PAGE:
How the different types of plans work together

Matt Donahue: In terms of the various types of plans, we first have your written information security plan. It documents what you currently have for your information security systems and the various controls; what's critical and what's not in terms of security. It might encompass an incident response, it might not, but it takes that lens of security and builds up what's currently going on in your infrastructure, what's important, and where should people be looking at in terms of incidence. Let's say a drive X has different types of customer data, but drive Y has the marketing materials. If X goes down, that's a problem with Y. Knowing some of those specifics is helpful, and that's some of the information you want to put in that information security plan.

As discussed, disaster recovery plans address issues from a technical standpoint. Something's going down, something's not working, so it’s having that ability to get back into regular business types of operations at a regular time.

Business continuity plans focus on criticality; if this is the system that's impacted by this type of cyber threat, how critical is this to our business? Without doing that type of analysis, or that investigation that you would do during a business continuity plan, that information might not be known. It's important to be able to have some of these different things done, as they do touch.

We've been talking about incident response so depending upon what the incident might be, you're probably going to look at most, if not all, of these plans during that incident response planning. Let's say there's an incident going on right now and you're not sure what it is. First, identify what the issues are, and then you can look at the business continuity plan and the written information security plan to say, ‘all right, based on this, this is critical’. You figure out what the problem might be and how it impacts your business. These plans all work together to inform each other, as well as helping to evaluate what your options might be.

Matt Donahue: The final step is the post activity types of things. Once everything is close to resumption of normal activities, you might want to look at some external assistance, as we mentioned earlier. If there's going to be an impact, or if you're going to be doing something in terms of using your insurance to help pay for some of the costs that have been associated with this disaster, some of the teams that you have identified might be pulled in. A lot can be paid for through insurance, but you want to make sure everything's documented. You want to do some forensic analysis, so you can show that you did what you could, but this is what the issue was.

If there's a potential regulatory impact, again, you're going to want to have that proof of investigation, you're going to want to have those digital forensics to make sure you did what you were supposed to do, you followed along with your best practices and didn't delineate from your plans. Or, on the legal side, if people are going to be potentially filing investigation work, it's good to have evidence, especially if it's the kind of incident where there's going to be a lot of eyes on your company as your firm. External counsel and independent search teams can come in and help support you within this process. Again, this is a nuanced type of activity that not a lot of people can necessarily be masters of, or experts, when they're doing a lot of other things from a typical business standpoint.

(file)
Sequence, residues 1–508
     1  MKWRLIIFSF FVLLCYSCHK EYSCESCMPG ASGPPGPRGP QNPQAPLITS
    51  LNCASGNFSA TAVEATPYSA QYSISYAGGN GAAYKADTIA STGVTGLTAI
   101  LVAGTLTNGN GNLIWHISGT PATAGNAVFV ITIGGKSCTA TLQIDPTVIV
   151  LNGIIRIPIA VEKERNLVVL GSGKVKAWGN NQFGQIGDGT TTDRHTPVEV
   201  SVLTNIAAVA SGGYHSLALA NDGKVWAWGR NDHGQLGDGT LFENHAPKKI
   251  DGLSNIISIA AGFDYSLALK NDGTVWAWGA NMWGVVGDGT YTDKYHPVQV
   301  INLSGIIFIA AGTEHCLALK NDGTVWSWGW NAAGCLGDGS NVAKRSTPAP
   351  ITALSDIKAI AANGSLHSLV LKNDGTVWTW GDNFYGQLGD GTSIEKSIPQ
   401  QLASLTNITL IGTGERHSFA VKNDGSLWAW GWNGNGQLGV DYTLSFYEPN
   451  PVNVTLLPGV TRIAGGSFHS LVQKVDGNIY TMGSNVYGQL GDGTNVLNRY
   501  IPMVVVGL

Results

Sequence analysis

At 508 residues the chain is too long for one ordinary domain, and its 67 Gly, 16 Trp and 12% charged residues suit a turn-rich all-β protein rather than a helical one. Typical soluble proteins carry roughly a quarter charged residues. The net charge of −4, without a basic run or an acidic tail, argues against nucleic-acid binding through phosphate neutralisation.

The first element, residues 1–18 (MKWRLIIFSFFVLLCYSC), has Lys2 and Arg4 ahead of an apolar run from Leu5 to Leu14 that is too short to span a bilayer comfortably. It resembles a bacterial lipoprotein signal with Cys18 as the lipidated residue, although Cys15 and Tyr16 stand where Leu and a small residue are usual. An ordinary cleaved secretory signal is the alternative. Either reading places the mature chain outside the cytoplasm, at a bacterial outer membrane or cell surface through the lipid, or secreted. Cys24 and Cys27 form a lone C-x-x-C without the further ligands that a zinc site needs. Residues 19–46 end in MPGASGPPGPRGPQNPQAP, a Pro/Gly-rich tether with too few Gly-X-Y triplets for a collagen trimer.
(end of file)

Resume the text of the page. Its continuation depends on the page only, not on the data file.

Another important thing to do is to have a postmortem. It's going to show you where there were areas for opportunity, things that went well, and things that were modified or potentially could change down the road. A lot of times the value of going to that ‘lessons learned’ discussion is that you can take things that went well, or that didn't work well, and reapply that to the preparation state. You can then modify your plans, add new or different caveats, put in things that will be helpful for the next time. That's an important part of the process.

Real life examples of cyber security incidents

Matt Donahue: Using ransomware for example, users are going to have something pop up on their screen. Someone's going to have to forward something, whether to IT, to the help desk, or whoever it might be in the CIRT. Notification should be an efficient process, but it must also ensure that the notification is going to involve the right people.

Then you're going to want to get the playbook out. Get specifics of the scenario that you think is happening. In this instance it is clearly a ransomware, so go to that specific type of cue card. Analyse what the issue is and then get specific.

When you do get specific, you want to look to say, ‘okay, now we know that it's a ransomware situation. Who else needs to join in this conversation?’ and then get them involved. Then follow the steps. Everybody knows what they should be doing and what they should be concerned about because it's almost like everybody has their own role to play here. This specifically is a case of ransomware and what you really need to do is isolate it to limit its spread. Look at logs to see what people have, look at what was the potential way that it was delivered, and seeing what you do to minimise that, isolate it, segregate it, and keep it from continuing to spread.

Once that's done, you're going to want to look at some of the plans that we have discussed. A lot of times, with ransomware, you're going to want either restore it through a disaster recovery process or do some type of resumption through your regular types of continuity procedures. You can't shut down everything, but you must know what the impact was, what you had to do to handle it and how you can recover and respond. So bringing back those two plans can help you figure out, especially with ransomware, what you can potentially do right now.